In conclusion, addressing allegations of misconduct and financial irregularities in distressed startups demands a multifaceted and strategic approach. By heeding the lessons learned from larger corporations, implementing thorough legal assessments, and fostering collaborative partnerships between legal experts and startup founders, a solid defense can be constructed. The imperative 'No-Fresh-Mistakes' policy, guided by legal insights, can prevent further complications and safeguard the startup's interests. A comprehensive legal assessment offers founders a clear roadmap, separating factual issues from myths and enabling efficient resource allocation. The fusion of legal and business perspectives in the defense strategy, combined with a focus on merit and diligent adherence to due processes, lays the groundwork for a robust defense. Ultimately, startups can learn from established methodologies while tailoring their approach to their unique circumstances, ensuring resilience, recovery, and sustainable growth even in the face of adversity.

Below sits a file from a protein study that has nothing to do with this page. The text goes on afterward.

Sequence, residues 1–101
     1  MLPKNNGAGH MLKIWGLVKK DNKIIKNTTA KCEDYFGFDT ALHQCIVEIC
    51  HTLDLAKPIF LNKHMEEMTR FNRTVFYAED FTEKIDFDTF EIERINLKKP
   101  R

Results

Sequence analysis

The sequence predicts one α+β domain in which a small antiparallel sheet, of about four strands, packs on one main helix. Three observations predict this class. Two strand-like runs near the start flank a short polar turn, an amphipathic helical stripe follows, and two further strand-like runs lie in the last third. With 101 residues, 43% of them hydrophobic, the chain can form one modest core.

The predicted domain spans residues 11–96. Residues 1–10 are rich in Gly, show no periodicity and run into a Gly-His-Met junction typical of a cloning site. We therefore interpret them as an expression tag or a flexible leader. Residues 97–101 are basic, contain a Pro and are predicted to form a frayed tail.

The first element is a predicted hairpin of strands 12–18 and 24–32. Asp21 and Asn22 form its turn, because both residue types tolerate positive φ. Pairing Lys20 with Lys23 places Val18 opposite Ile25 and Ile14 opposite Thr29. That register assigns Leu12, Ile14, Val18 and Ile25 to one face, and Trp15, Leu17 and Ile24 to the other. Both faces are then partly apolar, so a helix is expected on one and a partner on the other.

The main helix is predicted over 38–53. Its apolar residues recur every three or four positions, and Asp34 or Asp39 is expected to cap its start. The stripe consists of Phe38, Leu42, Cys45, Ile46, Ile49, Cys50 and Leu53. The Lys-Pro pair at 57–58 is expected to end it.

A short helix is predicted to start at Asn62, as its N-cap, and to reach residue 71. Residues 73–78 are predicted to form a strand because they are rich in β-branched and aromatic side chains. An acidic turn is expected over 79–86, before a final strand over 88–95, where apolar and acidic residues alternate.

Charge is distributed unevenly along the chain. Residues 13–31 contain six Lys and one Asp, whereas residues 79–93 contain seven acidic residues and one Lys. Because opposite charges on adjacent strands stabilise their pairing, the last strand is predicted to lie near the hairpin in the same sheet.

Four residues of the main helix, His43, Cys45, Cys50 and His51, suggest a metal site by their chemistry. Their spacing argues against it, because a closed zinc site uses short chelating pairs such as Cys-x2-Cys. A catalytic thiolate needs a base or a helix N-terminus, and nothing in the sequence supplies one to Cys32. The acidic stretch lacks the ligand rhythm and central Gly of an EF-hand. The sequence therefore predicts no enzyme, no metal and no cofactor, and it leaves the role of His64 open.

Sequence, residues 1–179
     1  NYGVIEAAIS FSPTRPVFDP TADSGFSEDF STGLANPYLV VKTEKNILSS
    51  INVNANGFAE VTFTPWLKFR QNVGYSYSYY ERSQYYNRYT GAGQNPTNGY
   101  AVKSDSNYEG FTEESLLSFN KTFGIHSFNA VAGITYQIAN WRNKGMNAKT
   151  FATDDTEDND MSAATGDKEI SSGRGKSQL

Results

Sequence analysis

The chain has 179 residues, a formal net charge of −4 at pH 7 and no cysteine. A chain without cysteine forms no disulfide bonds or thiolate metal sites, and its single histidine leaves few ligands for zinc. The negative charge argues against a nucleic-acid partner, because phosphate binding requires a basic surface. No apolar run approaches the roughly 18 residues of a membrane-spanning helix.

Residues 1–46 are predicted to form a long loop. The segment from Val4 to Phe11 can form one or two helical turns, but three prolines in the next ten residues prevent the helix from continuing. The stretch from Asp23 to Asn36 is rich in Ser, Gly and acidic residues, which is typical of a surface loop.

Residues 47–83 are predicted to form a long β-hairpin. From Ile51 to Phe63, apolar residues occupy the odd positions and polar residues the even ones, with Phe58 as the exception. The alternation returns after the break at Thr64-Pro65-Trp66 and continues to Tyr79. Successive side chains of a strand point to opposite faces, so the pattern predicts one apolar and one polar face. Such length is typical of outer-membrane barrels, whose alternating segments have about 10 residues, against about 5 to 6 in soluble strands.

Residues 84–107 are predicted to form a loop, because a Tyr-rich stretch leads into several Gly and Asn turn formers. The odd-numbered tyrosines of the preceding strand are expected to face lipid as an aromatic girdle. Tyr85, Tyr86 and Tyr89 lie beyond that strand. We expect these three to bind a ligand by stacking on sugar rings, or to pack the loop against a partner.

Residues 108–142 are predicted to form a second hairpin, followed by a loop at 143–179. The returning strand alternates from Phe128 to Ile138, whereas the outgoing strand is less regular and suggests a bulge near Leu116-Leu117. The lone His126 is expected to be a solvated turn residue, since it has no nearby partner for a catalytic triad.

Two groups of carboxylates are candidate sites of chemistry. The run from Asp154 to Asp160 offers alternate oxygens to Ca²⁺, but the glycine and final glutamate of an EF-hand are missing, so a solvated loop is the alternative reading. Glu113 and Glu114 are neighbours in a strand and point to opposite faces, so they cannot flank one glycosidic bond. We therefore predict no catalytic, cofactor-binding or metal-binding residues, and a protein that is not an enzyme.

Authored by Vikas Kumar, Advocate at Metalegal Advocates. The views expressed are personal and do not constitute legal opinion.